Keep Family Employees in Line

April 22, 2019

Running a successful family business can often be more difficult than running a non-family business because the dynamics of management are blurred.

A Family or a Business?

Family-run companies can slide into trouble when owners don’t differentiate between what’s acceptable in the family and what’s acceptable for the business. A common question that needs to be answered: Do you have a family-first business or a business-first family?

A paternalistic culture can lead to management that is based more on consensus than on performance and action.

To ensure that your family-run business operates efficiently, set up performance standards that every working relative must meet. Here are five steps to help set up the criteria and measure performance:

1. Develop clear job descriptions that outline responsibilities, set expectations and clarify roles. Hold each family member accountable. Within the dynamics of a family, when someone makes a mistake, of course, the family generally still loves and supports the person. But that doesn’t work in business. When an employee makes a mistake, whether it’s a relative or not, there has to be a price to pay.

Evaluate the relatives in your business by their performance, not by family tolerance. For example, your daughter can’t come to work at 10:30 in the morning if the rest of the company is expected to be at their desks and working by 9.

When you offer feedback, take a professional stance, not a paternal or maternal perspective. Otherwise, you make the feedback, or criticism, sound like a simple family complaint.

Link mistakes to the business consequences, not a relative’s shortcomings or personality. For example, if your brother sends out sloppy letters or documents, let him know that he runs the serious risk of losing customers.

2. Define job parameters. Let’s say you hire your son to work in the human resources department. That doesn’t automatically give him the right to exercise authority over the marketing director or department managers. When you bring family members into the company, be sure they don’t feel entitled by blood to make decisions outside the specifics of their job responsibilities. Otherwise, you run the risk of fomenting resentment among other employees and the possibility of suffering the financial consequences of some bad decisions.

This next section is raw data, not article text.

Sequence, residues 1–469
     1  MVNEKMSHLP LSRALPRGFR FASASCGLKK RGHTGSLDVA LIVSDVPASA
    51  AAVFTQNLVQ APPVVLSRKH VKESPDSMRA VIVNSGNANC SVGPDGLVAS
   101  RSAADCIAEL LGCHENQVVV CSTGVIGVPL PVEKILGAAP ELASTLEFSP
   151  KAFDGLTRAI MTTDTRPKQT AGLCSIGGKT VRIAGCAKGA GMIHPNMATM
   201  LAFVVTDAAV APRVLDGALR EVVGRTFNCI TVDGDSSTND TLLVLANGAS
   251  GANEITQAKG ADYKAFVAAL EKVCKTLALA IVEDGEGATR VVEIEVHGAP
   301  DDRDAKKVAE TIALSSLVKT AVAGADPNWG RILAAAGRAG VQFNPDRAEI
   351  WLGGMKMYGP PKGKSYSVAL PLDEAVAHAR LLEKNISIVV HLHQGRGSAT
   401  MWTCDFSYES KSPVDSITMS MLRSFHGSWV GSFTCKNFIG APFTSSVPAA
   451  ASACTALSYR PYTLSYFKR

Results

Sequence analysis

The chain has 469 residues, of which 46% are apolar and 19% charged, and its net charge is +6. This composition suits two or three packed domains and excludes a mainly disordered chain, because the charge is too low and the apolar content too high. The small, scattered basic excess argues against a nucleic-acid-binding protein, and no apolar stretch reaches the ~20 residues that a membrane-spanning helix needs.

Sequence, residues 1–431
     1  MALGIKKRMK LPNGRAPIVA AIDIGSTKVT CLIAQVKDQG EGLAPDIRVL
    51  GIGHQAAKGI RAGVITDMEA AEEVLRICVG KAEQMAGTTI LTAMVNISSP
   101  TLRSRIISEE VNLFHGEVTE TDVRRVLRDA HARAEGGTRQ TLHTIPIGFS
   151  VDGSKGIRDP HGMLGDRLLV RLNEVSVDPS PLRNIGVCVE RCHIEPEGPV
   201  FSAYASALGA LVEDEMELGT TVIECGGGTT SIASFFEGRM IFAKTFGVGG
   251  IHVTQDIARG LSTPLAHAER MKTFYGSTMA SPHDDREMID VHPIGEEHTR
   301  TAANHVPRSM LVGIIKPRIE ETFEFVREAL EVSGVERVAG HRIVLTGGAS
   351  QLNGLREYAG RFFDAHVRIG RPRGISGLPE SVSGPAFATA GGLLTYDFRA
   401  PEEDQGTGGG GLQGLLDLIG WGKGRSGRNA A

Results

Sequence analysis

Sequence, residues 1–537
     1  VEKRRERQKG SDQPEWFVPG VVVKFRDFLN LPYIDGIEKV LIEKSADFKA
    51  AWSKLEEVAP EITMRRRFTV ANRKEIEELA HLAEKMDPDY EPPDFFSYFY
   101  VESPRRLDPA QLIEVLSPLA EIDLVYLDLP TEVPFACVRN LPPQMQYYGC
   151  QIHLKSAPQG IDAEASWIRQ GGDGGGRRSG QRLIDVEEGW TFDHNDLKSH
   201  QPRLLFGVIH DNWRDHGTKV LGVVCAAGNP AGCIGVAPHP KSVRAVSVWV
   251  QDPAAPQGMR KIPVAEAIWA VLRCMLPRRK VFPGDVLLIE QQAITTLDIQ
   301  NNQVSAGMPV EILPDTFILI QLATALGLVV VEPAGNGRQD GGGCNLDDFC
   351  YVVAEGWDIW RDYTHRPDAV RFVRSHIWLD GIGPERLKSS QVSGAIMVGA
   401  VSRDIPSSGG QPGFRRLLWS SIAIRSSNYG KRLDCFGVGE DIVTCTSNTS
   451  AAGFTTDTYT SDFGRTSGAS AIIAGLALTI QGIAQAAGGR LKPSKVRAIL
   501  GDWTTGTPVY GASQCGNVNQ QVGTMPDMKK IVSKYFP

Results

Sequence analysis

3. Create ways for non-family employees to feel valued. If you put ceilings on how far non-family employees can advance, be clear and up front about it. Otherwise you may wind up getting only mediocre performance from non-family employees and find it difficult to attract and retain the outside talent you need.

If you do have a ceiling on promotions for non-family, consider offering special perks or training, or other opportunities to compensate. If you don’t offer equity in the company to non-family members, consider offering them performance-based bonus pay or incentives that provide substantial rewards.

And be certain to have a formal written employee handbook that applies to all staff members. Non-family employees will see that the policies are fair and family members will clearly understand what is expected of them.

4. Leave work at the office and family issues at home. If, during dinner, a family member brings up a work problem, suggest setting aside some time during the week to discuss it at the office. And if a family member comes to the workplace to discuss a non-urgent family problem, tell that individual you can talk about it over dinner or on the weekend.

5. Create a board of advisors to oversee measurements and standards for family members and to carry out regularly scheduled, formal performance reviews. Outside consultants and specialists who understand family businesses can help support your company by giving advice on such complicated issues as firing a family member and discussing performance shortcomings.




Setting Up Metrics

Using performance metrics, or ways to measure performance, can reduce labor costs.

Today, many effective managers follow a significant rule of thumb: Work not measured cannot be managed.

The major functions in each of your company’s departments should be identified in terms of volume and time, and managers should be aware of those measurements.

Consider asking managers to provide written answers to these three questions:

    • How do you measure work in your department? (For example, this could be the number of invoices filed, holes drilled or phone calls made.)
    • What is the hourly or daily volume?
    • How much time is required to complete each unit of work? You don’t want a description of the processes in each department. You want quantities.

Collect the answers and then ask managers to get hard data from department supervisors. Compare the two sets of data and you can learn a great deal about how well employees are performing and how well they are managed.

In essence, this exercise is a return to the basics of quality, service and efficiency. Setting standards and using metrics to ensure that everyone at your company — family and non-family members — are meeting those standards is a good way to achieve success.

The Bottom Line: Adequate standards of performance are essential to keep a family business running successfully.







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